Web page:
18. You have then, observed, two great principles, as far as northern architecture is concerned; first, that the pointed arch is to be the means by which the weight of the wall or roof is to be sustained; secondly, that the steep gable is the form most proper for the roof itself. And now observe this most interesting fact, that all the loveliest Gothic architecture in the world is based on the group of lines composed of the pointed arch and the gable. If you look at the beautiful apse of Amiens Cathedral—a work justly celebrated over all Europe—you will find it formed merely of a series of windows surmounted by pure gables of open work. If you look at the transept porches of Rouen, or at the great and celebrated porch of the Cathedral of Rheims, or that of Strasbourg, Bayeux, Amiens, or Peterborough, still you will see that these lovely compositions are nothing more than richly decorated forms of gable over pointed arch. But more than this, you must be all well aware how fond our best architectural artists are of the street effects of foreign cities; and even those now present who have not personally visited any of the continental towns must remember, I should think, some of the many interesting drawings by Mr. Prout, Mr. Nash, and other excellent draughtsmen, which have for many years adorned our exhibitions. Now, the principal charm of all those continental street effects is dependent on the houses having high-pitched gable roofs. In the Netherlands, and Northern France, where the material for building is brick or stone, the fronts of the stone gables are raised above the roofs, and you have magnificent and grotesque ranges of steps or curves decorated with various ornaments, succeeding one another in endless perspective along the streets of Antwerp, Ghent, or Brussels. In Picardy and Normandy, again, and many towns of Germany, where the material for building is principally wood, the roof is made to project over the gables, fringed with a beautifully carved cornice, and casting a broad shadow down the house front. This is principally seen at Abbeville, Rouen, Lisieux, and others of the older towns of France. But, in all cases, the effect of the whole street depends on the prominence of the gables; not only of the fronts towards the streets, but of the sides also, set with small garret or dormer windows, each of the most fantastic and beautiful form, and crowned with a little spire or pinnacle. Wherever there is a little winding stair, or projecting bow window, or any other irregularity of form, the steep ridges shoot into turrets and small spires, as in fig. 8, each in its turn crowned by a fantastic ornament, covered with curiously shaped slates or shingles, or crested with long fringes of rich ironwork, so that, seen from above and from a distance, the intricate grouping of the roofs of a French city is no less interesting than its actual streets; and in the streets themselves, the masses of broad shadow which the roofs form against the sky, are a most important background to the bright and sculptured surfaces of the walls.
[Footnote 6: This figure is copied from Prout.]
19. Finally, I need not remind you of the effect upon the northern mind which has always been produced by the heaven-pointing spire, nor of the theory which has been founded upon it of the general meaning of Gothic architecture as expressive of religious aspiration. In a few minutes, you may ascertain the exact value of that theory, and the degree in which it is true.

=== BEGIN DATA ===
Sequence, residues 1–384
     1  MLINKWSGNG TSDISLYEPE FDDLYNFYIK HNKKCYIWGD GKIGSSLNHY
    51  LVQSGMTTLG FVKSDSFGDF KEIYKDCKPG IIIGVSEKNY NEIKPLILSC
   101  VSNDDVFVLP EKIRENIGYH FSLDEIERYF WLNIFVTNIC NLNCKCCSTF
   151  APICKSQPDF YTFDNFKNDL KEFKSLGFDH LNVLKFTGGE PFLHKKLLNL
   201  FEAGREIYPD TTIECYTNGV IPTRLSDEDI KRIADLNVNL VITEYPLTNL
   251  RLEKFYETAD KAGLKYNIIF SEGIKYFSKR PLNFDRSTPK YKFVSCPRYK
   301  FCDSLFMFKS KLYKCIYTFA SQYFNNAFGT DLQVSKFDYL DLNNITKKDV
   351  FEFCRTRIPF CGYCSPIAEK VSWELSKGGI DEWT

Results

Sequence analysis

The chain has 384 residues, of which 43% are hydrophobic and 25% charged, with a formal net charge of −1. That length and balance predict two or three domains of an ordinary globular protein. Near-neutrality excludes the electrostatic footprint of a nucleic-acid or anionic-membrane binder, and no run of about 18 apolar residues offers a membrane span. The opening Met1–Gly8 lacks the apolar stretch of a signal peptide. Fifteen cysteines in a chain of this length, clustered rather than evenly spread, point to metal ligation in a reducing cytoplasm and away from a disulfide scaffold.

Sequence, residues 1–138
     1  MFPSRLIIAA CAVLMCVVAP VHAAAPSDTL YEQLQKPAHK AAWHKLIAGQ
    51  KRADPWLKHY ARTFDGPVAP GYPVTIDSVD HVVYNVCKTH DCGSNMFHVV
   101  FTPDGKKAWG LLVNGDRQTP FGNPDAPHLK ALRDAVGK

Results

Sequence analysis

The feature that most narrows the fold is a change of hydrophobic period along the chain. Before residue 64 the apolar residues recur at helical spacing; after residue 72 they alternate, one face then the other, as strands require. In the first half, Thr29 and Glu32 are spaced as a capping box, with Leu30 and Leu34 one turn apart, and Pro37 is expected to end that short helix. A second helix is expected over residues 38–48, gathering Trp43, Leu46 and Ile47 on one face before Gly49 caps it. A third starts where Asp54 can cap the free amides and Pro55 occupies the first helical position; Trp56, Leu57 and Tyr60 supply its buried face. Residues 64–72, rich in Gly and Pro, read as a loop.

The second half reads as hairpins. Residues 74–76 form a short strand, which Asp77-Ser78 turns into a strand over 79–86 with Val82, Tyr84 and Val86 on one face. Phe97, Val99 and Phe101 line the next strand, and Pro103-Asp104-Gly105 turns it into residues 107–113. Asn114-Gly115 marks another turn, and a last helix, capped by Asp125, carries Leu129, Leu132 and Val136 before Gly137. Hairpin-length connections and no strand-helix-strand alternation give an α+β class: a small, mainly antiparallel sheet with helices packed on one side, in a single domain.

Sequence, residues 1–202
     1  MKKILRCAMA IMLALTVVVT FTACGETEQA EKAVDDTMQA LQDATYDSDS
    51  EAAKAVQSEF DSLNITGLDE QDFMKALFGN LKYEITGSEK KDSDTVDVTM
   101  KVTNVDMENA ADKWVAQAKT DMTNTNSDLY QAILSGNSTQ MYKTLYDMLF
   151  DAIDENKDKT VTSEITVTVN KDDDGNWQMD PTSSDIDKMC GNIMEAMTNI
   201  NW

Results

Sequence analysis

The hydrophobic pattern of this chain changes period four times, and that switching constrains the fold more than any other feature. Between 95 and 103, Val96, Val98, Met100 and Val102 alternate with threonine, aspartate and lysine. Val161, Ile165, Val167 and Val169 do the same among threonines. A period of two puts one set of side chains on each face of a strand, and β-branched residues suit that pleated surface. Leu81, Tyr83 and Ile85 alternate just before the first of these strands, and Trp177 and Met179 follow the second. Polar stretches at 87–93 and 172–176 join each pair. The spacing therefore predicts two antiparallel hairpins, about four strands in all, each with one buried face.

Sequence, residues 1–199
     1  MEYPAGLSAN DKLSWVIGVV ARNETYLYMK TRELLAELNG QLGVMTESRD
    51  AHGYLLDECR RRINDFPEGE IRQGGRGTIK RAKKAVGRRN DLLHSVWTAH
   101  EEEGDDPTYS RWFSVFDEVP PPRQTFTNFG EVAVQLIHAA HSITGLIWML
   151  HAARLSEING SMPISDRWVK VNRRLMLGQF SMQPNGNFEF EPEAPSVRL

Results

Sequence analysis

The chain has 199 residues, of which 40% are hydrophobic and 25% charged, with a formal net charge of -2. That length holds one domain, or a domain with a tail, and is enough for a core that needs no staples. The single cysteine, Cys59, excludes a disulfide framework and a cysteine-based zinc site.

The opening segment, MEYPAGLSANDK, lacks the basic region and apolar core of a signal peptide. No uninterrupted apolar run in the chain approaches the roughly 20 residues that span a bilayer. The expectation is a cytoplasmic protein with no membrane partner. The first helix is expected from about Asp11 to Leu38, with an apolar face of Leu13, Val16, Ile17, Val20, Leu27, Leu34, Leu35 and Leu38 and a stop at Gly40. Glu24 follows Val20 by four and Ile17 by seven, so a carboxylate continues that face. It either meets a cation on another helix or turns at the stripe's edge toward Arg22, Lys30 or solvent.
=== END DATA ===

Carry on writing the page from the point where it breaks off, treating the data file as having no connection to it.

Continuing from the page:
The first tower of which we hear as built upon the earth, was certainly built in a species of aspiration; but I do not suppose that any one here will think it was a religious one. "Go to now. Let us build a tower whose top may reach unto heaven." From that day to this, whenever men have become skillful architects at all, there has been a tendency in them to build high; not in any religious feeling, but in mere exuberance of spirit and power—as they dance or sing—with a certain mingling of vanity—like the feeling in which a child builds a tower of cards; and, in nobler instances, with also a strong sense of, and delight in the majesty, height, and strength of the building itself, such as we have in that of a lofty tree or a peaked mountain. Add to this instinct the frequent necessity of points of elevation for watch-towers, or of points of offense, as in towers built on the ramparts of cities, and, finally, the need of elevations for the transmission of sound, as in the Turkish minaret and Christian belfry, and you have, I think, a sufficient explanation of the tower-building of the world in general. Look through your Bibles only, and collect the various expressions with reference to tower-building there, and you will have a very complete idea of the spirit in which it is for the most part undertaken. You begin with that of Babel; then you remember Gideon beating down the tower of Penuel, in order more completely to humble the pride of the men of the city; you remember the defense of the tower of Shechem against Abimelech, and the death of Abimelech by the casting of a stone from it by a woman's hand; you recollect the husbandman building a tower in his vineyard, and the beautiful expressions in Solomon's song,—"The tower of Lebanon, which looketh towards Damascus;" "I am a wall, and my breasts like towers;"—you recollect the Psalmist's expressions of love and delight, "Go ye round about Jerusalem; tell the towers thereof: mark ye well her bulwarks; consider her palaces, that ye may tell it to the generation following." You see in all these cases how completely the tower is a subject of human pride, or delight, or defense, not in any wise associated with religious sentiment; the towers of Jerusalem being named in the same sentence, not with her temple, but with her bulwarks and palaces. And thus, when the tower is in reality connected with a place of worship, it was generally done to add to its magnificence, but not to add to its religious expression. And over the whole of the world, you have various species of elevated buildings, the Egyptian pyramid, the Indian and Chinese pagoda, the Turkish minaret, and the Christian belfry,—all of them raised either to make a show from a distance, or to cry from, or swing bells in, or hang them round, or for some other very human reason. Thus, when the good people of Beauvais were building their cathedral, that of Amiens, then just completed, had excited the admiration of all France; and the people of Beauvais, in their jealousy and determination to beat the people of Amiens, set to work to build a tower to their own cathedral as high as they possibly could. They built it so high that it tumbled down, and they were never able to finish their cathedral at all—it stands a wreck to this day. But you will not, I should think, imagine this to have been done in heavenward aspiration. Mind, however, I don't blame the people of Beauvais, except for their bad building. I think their desire to beat the citizens of Amiens a most amiable weakness, and only wish I could see the citizens of Edinburgh and Glasgow inflamed with the same emulation, building Gothic towers instead of manufactory chimneys. Only do not confound a feeling which, though healthy and right, may be nearly analogous to that in which you play a cricket-match, with any feeling allied to your hope of heaven.